We know that there are many issues teachers have to contend with daily. An issue that comes up time and time again for teachers is effective classroom management. It is probably the biggest concern for teachers when they are starting out in their careers.
It definitely was for me as an NQT.
Self-questioning and worries arise easily…
“How will I get them to listen to me”?
“What will I do if X or Y happens”?
“Will they respect me”?
New teachers are often told “don’t smile before Christmas” as a way to ensure effective classroom management happens.
Does that work?
In the short term, yes.
The teacher builds a reputation.
Students know that they need to take them seriously or there will be consequences.
But… does that really work?
Technically, yes but probably not.
Does that make sense? Let me explain…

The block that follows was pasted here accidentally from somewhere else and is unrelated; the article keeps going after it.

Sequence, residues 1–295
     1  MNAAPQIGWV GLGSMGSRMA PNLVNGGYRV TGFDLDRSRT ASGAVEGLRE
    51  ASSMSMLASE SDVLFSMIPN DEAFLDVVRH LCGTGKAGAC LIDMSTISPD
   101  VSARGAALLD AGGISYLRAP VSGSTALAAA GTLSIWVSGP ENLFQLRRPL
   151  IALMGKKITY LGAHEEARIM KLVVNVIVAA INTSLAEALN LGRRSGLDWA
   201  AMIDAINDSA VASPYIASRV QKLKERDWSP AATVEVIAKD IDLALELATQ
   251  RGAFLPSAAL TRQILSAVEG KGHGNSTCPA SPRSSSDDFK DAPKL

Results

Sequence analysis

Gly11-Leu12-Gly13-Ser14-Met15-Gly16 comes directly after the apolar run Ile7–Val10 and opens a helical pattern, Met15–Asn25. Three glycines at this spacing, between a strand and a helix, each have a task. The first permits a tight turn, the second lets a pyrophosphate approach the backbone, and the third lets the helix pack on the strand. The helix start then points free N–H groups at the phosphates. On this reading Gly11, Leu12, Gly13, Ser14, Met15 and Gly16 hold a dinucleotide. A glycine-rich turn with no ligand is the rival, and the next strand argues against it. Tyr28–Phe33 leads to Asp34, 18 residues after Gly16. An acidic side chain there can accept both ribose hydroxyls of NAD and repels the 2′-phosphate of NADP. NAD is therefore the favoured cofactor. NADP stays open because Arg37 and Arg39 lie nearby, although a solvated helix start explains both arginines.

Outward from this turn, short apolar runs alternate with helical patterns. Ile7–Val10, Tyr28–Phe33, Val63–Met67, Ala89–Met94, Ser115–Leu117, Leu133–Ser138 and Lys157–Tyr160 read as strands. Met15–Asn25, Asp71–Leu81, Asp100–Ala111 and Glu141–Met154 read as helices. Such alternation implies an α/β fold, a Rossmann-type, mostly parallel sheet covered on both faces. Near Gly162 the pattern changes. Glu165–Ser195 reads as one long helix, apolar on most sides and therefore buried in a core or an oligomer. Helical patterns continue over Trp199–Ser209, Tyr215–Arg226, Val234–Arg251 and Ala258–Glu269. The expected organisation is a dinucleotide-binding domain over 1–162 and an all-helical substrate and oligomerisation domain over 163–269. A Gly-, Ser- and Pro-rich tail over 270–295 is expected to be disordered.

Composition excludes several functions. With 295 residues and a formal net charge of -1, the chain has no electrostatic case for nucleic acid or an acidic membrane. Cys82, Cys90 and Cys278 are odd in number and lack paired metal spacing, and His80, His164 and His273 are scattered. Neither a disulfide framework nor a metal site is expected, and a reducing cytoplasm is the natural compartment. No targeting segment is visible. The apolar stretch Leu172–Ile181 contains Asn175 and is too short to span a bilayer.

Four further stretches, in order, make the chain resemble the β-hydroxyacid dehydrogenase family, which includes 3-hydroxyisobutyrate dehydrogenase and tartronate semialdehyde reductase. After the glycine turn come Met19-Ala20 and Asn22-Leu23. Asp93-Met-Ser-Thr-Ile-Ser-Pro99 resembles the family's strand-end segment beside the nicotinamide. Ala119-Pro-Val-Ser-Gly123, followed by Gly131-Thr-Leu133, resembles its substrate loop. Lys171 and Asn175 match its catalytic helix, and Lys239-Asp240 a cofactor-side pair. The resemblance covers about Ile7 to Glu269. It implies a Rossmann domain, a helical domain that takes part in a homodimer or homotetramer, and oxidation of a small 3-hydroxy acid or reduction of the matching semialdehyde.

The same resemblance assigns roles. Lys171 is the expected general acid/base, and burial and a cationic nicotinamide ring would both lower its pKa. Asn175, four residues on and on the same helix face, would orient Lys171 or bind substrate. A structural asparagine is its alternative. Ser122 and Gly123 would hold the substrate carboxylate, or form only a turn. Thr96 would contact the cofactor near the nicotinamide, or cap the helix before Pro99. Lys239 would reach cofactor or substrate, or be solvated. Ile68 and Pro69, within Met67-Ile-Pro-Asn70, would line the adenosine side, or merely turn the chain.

Building positive relationships with students, however challenging, is likely to achieve better outcomes for effective classroom management… and crucially, student achievement.
As a teacher – I have done both – worked off the fear-factor reputation building approach and the fostering positive relationships approach.
And I know which one is better for both the teacher and students.
Building better relationships with students doesn’t mean that there are no consequences or that you do not have to have frank chats with students or their parents.
But it does mean that, day to day, usually, you get the most out of them.
They enjoy coming to your classroom and they enjoy learning.
And you enjoy being with them and watching them learn.
Why are we talking about classroom management?
One of our most popular courses “Classroom Management” has had over 1,000 participants since it launched 4 months ago – to say it’s been busy is an understatement and we are delighted with the feedback!
99% of participants felt that the course improved their teaching.